27. benbell says:

    Happened to me a while back.

    I now use a completely unique 10+ char. password with numbers, uppercase, lowercase and a symbol.

    When you think about it, your email is the key to the castle. It should be your most unique and secure password. Most people can gain access to any/all of your other accounts with access to your email.

  28. Razor512 says:

    for random junk sites such as forums or other sites in which security may not be the best, you can use all the same or 1 or 2 different passwords, (no one is really after those accounts anyway)

    For accounts like gmail, paypal and others in this range, make sure each account has a unique password that is at least a mixture of numbers and letters that do not spell out any words but you can remember, also try to keep it above 10 characters long.

  29. VicMatson says:

    Mine got hacked last night, but Google provided me a Captcha to get back in. The whole thing is getting scary because if you have an Android phone you are hosed!

    On the bright side Microsoft just upgraded their security essentials. That must be new because I haven’t seen anyone reporting it yet.

    • Fafaflunkie Plays His World's Smallest Violin For You says:

      Funny how you mention that: I got a popup as I was going through this thread that MSE has an update, and sure enough, it updated. Now Windows update is bugging me. Oh yeah, it’s Patch Tuesday! Isn’t that special! 14 updates and now it wants a reboot. Grrrr…

  30. Bitingback says:

    Hey Lisa,

    I can’t recommend enough that you get some type of password program that stores and GENERATES strong passwords! I use 1Password which is a great program (not free), but have also heard wonderful things about LastPass which is free. There is really no reason to not use programs like these. When you switch to one of these, it is a great time to update all your passwords on other sites with stronger ones so this doesn’t happen to you again.

    Definitely go through your Gmail account and delete through old mail. That means going to the “All Mail” view and emptying your trash can.

  31. psm321 says:

    Make sure you let the people the fake e-mails were sent to know that you’re actually ok :)

  32. jayde_drag0n says:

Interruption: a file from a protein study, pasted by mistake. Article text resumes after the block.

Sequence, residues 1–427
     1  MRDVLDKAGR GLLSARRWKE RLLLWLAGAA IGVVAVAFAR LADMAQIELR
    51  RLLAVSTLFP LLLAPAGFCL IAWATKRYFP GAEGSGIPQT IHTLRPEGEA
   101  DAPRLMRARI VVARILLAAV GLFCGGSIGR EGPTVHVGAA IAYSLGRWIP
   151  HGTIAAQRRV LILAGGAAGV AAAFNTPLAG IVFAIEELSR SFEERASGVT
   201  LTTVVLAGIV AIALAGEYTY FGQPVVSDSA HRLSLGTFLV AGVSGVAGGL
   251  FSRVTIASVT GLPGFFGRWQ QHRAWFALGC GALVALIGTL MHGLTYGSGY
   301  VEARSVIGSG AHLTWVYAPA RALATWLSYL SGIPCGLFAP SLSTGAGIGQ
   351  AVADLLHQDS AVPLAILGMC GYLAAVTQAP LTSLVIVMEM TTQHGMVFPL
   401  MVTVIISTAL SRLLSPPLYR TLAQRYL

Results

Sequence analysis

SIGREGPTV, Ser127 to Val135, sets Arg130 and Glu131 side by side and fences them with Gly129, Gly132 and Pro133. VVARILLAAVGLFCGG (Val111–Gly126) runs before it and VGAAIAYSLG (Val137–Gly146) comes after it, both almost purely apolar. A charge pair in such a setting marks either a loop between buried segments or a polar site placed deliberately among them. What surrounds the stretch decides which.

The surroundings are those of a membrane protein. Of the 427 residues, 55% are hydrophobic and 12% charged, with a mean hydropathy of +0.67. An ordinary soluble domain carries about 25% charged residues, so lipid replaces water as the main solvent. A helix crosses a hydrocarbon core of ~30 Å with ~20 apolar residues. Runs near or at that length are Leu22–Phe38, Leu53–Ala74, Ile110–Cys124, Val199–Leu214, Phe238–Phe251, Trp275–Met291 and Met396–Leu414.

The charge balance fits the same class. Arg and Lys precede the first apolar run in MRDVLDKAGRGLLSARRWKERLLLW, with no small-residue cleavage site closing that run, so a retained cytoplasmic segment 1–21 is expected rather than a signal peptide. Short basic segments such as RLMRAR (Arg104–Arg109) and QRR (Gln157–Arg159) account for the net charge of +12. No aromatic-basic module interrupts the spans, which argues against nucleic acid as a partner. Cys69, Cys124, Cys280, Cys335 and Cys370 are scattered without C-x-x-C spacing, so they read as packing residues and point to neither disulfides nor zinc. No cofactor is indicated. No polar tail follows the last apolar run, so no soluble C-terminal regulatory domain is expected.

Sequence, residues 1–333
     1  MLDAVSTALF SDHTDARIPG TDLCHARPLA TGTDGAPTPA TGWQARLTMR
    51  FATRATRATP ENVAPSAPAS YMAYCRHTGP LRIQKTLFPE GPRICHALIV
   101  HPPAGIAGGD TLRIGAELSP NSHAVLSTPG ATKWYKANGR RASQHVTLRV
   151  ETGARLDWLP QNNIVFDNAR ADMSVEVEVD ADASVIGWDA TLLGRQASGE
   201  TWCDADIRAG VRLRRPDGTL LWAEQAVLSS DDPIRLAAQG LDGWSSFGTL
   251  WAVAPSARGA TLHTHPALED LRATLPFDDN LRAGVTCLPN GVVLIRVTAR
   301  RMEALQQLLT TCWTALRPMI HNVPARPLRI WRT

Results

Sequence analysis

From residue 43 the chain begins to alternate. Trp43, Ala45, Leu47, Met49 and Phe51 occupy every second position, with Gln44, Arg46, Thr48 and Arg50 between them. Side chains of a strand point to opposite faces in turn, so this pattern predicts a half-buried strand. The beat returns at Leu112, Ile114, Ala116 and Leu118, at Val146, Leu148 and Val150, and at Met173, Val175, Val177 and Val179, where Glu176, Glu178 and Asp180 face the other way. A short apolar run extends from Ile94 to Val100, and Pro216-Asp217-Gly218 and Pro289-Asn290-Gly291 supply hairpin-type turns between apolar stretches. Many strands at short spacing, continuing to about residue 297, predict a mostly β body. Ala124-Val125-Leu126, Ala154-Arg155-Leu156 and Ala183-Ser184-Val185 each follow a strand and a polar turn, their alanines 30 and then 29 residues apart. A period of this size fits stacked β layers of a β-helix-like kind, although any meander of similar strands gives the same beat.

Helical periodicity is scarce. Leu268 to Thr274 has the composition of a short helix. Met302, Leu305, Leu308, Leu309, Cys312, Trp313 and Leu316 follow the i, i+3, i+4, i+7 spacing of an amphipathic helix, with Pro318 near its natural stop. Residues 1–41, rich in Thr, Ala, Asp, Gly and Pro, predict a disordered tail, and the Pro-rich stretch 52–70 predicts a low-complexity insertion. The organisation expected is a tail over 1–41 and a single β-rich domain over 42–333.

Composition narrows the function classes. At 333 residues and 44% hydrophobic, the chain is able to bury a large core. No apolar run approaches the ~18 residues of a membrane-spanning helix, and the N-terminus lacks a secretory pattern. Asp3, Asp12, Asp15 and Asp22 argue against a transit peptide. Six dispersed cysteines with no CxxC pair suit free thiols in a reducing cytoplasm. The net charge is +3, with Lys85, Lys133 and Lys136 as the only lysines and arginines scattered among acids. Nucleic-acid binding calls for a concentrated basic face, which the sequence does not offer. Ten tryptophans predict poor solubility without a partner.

change your password to something actually strong? Use letters, numbers, symbols, and capitalization to assure your privacy

    feel free to use a word that you know.. but don’t choose something easy to guess or short
    example the word password can become P@55w0rd

  33. nacoran says:

    Change ALL your passwords. I had an issue with a Hotmail account. The thing is, since I had it linked to a gmail account for password recovery that meant they could look in my settings and find my other email account name, which had the same password. Every account needs it’s own password. Run your virus checker too. Also look through your email to see if you have emails in there with other important sensitive information, like bank account numbers or whatever.

  34. Master Update Exception says:

    Check your filters to ensure there hasn’t been anything set-up to auto-foward to another e-mail address.

  35. pot_roast says:

    I just gave up on gmail. I’ve known even security conscious folks to have their gmail accounts taken over. Gmail is very popular with scammers/spammers because people seem to place a higher level of trust (well, they used to..) in Google/Gmail and also because Google obfuscates header information so it is next to impossible for the end user to take a quick look at where the email came from. At least Yahoo leaves an Origin-IP header in so savvy users can glance at it if the email seems strange.

  36. Foxmom says:

    Gmail’s been hacked a lot in the last year. It happened to me, then a few months ago, my friend and then yesterday to my dh. The hackers themselves are working overtime to get in. Fortunately it hasn’t happened to me again. The steps in that link from notovny should do the trick.